WYJB (95.5 MHz) Albany (Pamal Broadcasting) Generator voltage regulator failed, equipment was secured to prevent damage. Is an LP-1 station.
WZMR (104.9 MHz) Altamont (Pamal Broadcasting) Co-located with WYJB
WAJZ (96.3 MHz) Voorheesville) (Pamal Broadcasting) Co-located with WYJB
WROW (590 KHz) Albany (Pamal Broadcasting) STL passed through the WYJB transmitter site
WPTR (96.7 MHz) Clifton Park (Crawford Broadcasting) reasons unknown
WEQX (102.7 MHz) Manchester, VT (Northshire Broadcasting) loss of power
Most of these stations are now back on the air, however, several suffered much water damage due to flooding and will be off for a while. Lots and lots of roadways washed out, trees down, and power still out for tens of thousands of people, it’s a mess.
These stations that went off the area are but a small fraction of the radio stations that serve the Hudson Valley and upstate NY. Most of the large class B stations, and regional AM stations, which are also the LP-1 EAS stations, stayed on the air for the duration of the storm, as did all of the NOAA Weather Radio All Hazards stations in the area.
Kudos to the DJs, meteorologists, news people, and field reporters for keeping us informed and safe.
With Hurricane Irene taking aim at the northeast, now is the time to make preparations for bad weather. This is the five-day forecast:
Now, five-day forecasts are notoriously inaccurate. There are too many variables to make it accurate and even the most seasoned meteorologist will admit, it is an educated guess. However, the large semi-transparent disk is almost always accurate. Therefore, it seems we may be in for a bit of a storm this weekend, with the eastern end of Long Island and Newport/Providence RI in the landfall area. The Bridgeport, CT stations will likely see the worst of it if the storm follows the predicted course.
Having a good disaster recovery program in place reduces much of the pre-storm work. This includes backup equipment and personnel allocations to keep the stations on the air and provide valuable information during the event. Wherever and whenever our clients allow us, we make sure that these systems are properly designed, installed, and working. When trouble is milling about offshore in the form of a Hurricane, then we make a few final preparations, both personally and for the clients:
Top off all generator fuel tanks and test them. This includes my home generator.
Make sure all loose items are secured.
Make sure other redundant systems; backup transmitters, backup STLs, and backup transmitter sites are in order and ready to be deployed.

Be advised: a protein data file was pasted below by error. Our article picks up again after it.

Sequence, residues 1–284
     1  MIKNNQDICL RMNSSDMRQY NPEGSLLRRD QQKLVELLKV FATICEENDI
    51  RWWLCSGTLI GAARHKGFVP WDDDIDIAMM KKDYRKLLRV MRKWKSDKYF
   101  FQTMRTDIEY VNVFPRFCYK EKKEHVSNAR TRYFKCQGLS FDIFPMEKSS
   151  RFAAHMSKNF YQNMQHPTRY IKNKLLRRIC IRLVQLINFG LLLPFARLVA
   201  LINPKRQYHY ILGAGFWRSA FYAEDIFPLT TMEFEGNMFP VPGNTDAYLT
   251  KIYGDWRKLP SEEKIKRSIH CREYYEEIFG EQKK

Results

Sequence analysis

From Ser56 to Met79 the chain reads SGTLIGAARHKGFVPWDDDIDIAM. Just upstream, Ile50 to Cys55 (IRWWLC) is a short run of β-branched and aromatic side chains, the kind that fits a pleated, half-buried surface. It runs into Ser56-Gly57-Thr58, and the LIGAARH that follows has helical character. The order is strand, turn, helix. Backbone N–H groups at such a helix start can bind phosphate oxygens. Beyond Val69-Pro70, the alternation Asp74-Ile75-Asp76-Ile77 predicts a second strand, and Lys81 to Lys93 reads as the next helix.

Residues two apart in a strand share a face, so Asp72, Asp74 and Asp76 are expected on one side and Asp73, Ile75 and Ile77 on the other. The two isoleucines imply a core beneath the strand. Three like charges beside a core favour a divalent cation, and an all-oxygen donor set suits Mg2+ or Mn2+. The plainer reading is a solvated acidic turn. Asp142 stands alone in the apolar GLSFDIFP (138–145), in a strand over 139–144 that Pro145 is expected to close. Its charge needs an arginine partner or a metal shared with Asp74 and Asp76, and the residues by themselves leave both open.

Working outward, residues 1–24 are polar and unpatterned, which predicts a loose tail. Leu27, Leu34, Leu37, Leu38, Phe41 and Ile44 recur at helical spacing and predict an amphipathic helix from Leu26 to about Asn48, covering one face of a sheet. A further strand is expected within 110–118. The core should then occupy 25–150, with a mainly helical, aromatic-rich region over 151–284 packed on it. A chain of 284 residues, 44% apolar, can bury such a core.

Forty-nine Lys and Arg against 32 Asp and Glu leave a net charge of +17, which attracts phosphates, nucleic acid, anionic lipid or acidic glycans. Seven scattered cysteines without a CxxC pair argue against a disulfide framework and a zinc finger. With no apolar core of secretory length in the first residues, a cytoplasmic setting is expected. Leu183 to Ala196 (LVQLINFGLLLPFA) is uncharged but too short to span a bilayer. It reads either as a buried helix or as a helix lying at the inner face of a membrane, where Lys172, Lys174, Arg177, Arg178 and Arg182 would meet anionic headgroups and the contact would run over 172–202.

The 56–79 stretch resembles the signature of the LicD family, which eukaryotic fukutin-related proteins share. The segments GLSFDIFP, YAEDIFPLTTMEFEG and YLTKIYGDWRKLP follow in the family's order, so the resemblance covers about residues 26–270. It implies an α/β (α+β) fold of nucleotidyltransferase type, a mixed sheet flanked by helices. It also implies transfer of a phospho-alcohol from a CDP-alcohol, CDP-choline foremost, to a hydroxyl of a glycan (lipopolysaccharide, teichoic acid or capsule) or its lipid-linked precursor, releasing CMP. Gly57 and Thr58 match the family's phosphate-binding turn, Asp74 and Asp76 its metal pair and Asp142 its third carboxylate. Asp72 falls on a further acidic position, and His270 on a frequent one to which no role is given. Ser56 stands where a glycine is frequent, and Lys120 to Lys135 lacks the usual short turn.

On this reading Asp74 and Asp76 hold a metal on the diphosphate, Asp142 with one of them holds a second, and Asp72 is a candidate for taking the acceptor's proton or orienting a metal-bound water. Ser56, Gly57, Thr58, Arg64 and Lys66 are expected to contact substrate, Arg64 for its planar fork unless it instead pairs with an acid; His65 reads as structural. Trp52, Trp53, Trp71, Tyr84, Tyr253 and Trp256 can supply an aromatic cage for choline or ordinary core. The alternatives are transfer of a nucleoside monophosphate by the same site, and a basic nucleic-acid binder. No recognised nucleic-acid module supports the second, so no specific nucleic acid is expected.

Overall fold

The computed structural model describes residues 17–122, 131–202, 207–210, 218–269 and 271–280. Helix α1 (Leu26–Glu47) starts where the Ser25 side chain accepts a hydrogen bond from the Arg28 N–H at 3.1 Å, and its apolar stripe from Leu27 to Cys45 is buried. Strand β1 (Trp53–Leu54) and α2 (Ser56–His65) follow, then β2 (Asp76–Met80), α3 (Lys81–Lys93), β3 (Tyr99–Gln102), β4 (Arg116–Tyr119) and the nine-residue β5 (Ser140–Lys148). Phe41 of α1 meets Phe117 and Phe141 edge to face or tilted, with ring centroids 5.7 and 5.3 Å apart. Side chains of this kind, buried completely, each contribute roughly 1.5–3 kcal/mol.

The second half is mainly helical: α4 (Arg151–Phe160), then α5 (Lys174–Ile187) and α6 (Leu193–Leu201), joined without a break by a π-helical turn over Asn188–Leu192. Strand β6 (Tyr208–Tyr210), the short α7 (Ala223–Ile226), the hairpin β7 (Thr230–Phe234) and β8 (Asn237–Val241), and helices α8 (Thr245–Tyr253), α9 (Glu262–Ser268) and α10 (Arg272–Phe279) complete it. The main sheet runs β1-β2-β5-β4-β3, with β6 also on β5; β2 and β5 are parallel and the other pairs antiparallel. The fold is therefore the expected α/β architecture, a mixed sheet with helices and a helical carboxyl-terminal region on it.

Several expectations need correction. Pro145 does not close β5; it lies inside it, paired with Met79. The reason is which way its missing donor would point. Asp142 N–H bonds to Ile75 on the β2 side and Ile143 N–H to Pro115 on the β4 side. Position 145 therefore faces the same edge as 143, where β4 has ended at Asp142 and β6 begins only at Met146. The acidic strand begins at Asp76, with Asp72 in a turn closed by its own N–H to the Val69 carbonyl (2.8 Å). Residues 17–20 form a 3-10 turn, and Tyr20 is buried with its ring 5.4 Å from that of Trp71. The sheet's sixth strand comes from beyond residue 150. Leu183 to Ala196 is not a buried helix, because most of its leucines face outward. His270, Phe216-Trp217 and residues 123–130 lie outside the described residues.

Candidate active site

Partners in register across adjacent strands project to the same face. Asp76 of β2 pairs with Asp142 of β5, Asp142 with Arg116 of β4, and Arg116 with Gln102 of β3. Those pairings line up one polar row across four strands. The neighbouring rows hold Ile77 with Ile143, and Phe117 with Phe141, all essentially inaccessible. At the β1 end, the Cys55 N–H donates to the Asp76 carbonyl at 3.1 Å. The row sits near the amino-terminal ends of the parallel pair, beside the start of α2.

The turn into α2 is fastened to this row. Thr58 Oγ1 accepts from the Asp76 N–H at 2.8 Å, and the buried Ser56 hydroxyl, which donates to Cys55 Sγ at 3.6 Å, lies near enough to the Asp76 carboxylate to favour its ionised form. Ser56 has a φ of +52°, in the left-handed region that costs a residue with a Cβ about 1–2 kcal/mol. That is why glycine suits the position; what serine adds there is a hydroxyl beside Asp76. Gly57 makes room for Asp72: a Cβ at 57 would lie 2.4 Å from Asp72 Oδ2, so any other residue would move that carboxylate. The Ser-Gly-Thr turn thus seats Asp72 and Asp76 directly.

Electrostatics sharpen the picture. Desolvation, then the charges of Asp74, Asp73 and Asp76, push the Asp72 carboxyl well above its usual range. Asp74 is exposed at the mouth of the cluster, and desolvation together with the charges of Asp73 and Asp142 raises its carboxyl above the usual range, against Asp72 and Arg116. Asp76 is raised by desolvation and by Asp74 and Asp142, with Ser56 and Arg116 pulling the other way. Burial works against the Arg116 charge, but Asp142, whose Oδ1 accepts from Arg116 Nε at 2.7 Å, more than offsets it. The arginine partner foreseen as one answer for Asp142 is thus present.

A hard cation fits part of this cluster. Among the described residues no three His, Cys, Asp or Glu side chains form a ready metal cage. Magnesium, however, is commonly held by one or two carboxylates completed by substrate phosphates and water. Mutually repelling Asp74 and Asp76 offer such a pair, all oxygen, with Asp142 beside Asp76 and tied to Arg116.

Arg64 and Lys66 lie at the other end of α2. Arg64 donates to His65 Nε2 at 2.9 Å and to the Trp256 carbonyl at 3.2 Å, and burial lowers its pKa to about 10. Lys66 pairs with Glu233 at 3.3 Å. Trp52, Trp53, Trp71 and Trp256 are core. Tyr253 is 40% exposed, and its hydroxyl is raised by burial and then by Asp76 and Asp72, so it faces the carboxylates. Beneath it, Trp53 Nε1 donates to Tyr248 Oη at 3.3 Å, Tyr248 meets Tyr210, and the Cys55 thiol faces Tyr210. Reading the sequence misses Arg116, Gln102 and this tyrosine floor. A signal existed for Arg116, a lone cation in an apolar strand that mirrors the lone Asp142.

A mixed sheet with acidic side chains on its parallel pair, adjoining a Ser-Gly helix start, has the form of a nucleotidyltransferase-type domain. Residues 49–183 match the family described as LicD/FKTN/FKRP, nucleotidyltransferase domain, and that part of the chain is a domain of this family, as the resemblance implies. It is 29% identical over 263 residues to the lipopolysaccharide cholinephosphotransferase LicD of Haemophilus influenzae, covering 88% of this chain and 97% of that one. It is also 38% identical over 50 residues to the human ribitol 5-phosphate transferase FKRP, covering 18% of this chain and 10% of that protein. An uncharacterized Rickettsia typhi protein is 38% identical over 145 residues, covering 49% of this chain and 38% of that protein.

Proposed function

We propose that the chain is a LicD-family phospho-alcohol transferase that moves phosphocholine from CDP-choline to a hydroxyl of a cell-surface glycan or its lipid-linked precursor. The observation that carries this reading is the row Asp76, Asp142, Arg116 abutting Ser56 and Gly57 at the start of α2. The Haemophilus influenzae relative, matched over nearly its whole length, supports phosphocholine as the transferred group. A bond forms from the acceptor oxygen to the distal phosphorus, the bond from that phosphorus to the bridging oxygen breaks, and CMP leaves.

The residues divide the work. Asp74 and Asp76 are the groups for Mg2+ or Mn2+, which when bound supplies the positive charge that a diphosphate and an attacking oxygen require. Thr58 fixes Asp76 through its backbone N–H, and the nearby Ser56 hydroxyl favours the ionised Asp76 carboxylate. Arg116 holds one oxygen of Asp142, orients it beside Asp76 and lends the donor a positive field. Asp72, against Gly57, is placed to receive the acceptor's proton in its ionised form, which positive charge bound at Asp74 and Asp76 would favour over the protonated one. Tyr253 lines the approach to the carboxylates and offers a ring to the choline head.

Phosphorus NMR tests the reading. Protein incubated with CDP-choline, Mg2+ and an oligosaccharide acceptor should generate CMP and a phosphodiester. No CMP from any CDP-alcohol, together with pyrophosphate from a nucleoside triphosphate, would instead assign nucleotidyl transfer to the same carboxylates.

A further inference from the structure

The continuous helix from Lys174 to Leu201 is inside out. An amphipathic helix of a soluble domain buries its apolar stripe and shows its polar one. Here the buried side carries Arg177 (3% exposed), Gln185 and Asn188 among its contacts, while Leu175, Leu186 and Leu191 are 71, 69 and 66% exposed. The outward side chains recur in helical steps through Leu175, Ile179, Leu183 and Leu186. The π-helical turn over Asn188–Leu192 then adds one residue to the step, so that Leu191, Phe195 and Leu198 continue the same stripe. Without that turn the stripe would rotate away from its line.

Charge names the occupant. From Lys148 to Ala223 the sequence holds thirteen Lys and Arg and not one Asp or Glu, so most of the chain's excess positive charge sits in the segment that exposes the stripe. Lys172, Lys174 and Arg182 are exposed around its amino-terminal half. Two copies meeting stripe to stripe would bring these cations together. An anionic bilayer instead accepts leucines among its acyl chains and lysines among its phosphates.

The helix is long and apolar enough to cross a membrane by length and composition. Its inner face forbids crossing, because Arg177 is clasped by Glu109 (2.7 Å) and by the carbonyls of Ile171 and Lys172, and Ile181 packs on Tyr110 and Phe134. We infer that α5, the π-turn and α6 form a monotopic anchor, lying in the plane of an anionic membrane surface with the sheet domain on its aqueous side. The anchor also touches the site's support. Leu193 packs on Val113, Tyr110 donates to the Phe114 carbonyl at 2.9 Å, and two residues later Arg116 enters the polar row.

Check the personal safety items; first aid kit, rain gear, flashlight batteries, work gloves, eye protection, hard hat, some type of energy food, and extra water are in the truck.
Get out a clean sleeping bag and a set of clean dry clothes and put them in the truck.
Gas up the chain saw and put it in the truck with extra gas, bar oil, and blade sharpener.
During the event, it is important to recognize when a situation is too dangerous to proceed and wait for the danger to subside. Examples of this are local flooding of roadways, downed power lines, high winds, and or electrical storms while working at transmitter sites.
Radio may have lost much of its relevance as an entertainment medium, however, there is still one thing it does very well; broadcast emergency communications and information to the public.
Update: As of 5 am 8/25 it looks as if the hurricane is making a b-line toward Bridgeport, CT. Most of the computer models are now in agreement which means the forecast is getting a better handle on the variables and is becoming more accurate. Strength is still somewhat debatable, but even a Category 1 storm could do significant damage. We shall see.
Update 2: As of 5 pm 8/26, Irene is still on course for the greater NYC/Long Island sound area. As much as possible, preparations are complete. There are some things that cannot be helped, like the height above the mean sea level of the WICC and WEBE transmitter sites (10 feet) or the lack of a generator at WXPK studios, etc. Estimates are for Hurricane-force winds by this time tomorrow, so the only thing left to do now is get a good night’s sleep. Tomorrow may be one of those long days.
Here is an interesting thing; several people have suggested that IBOC signals on both AM and FM NYC stations be turned off so that smaller local stations will be listenable to local residents in NJ and Long Island. A secondary consideration would be the amount of power IBOC uses and the possibility of backup generators running out of fuel to run something that has little or no audience. If that isn’t telling….